Jim Citrin shares his views on finding meaning in your career and your job.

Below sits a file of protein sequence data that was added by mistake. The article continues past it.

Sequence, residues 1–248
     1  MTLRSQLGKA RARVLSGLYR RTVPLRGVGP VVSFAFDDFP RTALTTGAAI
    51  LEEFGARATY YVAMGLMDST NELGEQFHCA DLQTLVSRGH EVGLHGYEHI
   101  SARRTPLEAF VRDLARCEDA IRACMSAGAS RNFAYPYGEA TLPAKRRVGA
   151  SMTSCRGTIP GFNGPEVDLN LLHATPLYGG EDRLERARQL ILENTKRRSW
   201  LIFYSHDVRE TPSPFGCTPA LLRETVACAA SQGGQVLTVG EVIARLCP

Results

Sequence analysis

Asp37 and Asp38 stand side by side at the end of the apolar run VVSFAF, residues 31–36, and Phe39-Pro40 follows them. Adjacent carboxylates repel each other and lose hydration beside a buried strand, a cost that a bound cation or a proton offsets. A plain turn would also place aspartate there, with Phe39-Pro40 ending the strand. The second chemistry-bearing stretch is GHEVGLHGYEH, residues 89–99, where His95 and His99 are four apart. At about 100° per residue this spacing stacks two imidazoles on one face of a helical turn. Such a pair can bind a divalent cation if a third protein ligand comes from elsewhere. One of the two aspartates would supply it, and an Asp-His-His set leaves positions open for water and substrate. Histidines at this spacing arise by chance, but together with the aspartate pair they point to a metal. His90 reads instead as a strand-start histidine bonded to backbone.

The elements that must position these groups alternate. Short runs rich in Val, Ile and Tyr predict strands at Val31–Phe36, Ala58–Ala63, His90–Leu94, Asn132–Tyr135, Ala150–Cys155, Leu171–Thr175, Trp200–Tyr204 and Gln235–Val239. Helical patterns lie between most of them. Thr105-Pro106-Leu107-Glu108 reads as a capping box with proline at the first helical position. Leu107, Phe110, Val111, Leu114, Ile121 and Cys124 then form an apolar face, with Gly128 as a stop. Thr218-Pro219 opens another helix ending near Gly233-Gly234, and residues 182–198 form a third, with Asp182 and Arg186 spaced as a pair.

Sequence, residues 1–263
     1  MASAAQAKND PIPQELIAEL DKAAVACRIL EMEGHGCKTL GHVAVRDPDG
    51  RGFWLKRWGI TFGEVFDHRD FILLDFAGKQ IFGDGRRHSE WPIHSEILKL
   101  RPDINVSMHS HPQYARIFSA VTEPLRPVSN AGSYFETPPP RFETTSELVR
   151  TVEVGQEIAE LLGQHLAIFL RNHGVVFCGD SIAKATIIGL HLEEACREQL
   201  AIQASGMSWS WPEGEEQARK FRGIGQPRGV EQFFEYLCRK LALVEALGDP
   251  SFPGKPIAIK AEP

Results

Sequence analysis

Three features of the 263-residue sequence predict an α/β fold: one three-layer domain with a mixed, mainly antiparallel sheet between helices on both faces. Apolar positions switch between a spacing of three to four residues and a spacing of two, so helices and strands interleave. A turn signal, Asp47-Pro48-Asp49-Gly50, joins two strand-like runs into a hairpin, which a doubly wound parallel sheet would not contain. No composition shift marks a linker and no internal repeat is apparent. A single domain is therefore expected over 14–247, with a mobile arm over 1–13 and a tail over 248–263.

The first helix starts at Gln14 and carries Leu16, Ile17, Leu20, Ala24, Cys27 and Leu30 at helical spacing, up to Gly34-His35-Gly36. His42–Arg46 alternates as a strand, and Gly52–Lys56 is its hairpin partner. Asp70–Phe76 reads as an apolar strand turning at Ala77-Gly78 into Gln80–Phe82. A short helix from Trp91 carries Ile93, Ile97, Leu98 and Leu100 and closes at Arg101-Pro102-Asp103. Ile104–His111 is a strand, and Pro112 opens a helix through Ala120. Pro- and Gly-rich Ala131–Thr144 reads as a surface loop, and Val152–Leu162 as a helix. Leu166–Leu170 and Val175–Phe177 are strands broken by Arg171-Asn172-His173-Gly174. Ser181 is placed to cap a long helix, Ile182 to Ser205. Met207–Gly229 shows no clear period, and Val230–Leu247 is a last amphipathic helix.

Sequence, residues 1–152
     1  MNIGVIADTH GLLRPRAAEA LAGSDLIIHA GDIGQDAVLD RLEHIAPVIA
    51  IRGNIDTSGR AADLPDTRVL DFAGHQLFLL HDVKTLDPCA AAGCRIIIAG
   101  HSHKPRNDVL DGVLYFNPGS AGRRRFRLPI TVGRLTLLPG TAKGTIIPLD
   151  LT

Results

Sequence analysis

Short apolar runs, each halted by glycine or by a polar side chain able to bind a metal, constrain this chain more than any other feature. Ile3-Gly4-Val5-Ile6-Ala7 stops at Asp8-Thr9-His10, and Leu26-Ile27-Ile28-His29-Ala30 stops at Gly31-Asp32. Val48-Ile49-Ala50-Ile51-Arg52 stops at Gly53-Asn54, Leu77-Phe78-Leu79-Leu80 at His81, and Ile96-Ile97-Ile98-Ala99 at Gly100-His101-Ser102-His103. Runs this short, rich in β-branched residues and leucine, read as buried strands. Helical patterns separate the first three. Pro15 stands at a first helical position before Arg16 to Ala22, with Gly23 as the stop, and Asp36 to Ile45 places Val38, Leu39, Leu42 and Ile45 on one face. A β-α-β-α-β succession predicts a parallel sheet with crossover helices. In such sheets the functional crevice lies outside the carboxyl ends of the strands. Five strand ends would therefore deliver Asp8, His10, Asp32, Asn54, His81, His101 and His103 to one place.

(inspiring music) - I was just out at one of the Fortune 50 companies last week giving an all-hands employee presentation on the career playbook and what it means for the HR leadership and for senior leadership for being the employer of choice, and with a big focus on millennials. So we talked about what the best companies do to attract the best talent. The best talent wants to be associated with something that they're proud of. And what determines being proud of is having an impact. So no matter what you're doing, if you're a CEO or an HR leader, positioning your company with what its purpose is, and every company has a purpose. Herb Kelleher famously of Southwest Airlines didn't say that we're in airline business. We're in the making people happy, bring families together, vacation, family connection business. The idea of finding absolute meaning in what you're doing is really number one. Most hiring companies know that, but they really can't underestimate how important that is to young people in associated with something that's meaningful. The other thing is having the opportunity to work on meaningful work. Some of the most prestigious companies, some of the highest paying companies on Wall Street or in some professional services firms, legal firms, there is a things roll downhill tradition. And they can get away with it when they're paying huge amounts of money and their entries into future great business schools, but most companies, if they're giving lousy work, then they're not going to attract the greatest people. It takes a lot of management time to actually create meaningful work for new employees. But those who, that put in the work, they get a really big return on that investment based on attracting great people, better people, and also based on giving them the opportunity to add more value earlier on. So there's enormous leverage to that. And when you do that, their turnover's lower, their retention is higher, and that's very, very important. One extraordinary leader that is a household name, we were interviewing CEO candidates together. She said to each of the candidates, penetrating eyes right at the person, saying, "I've got two questions for you. "Why do you want to be the CEO of this company? "And why are you the right candidate for this job?" That was it. And it was the way she did and delivered it with such intensity and passion, and then it was, at the end, the candidate asking her questions. And same as young grads, the quality of the questions for CEO candidates. But those two questions pretty much sum it up. Why are you right for it? Why is it right for you? And going for it.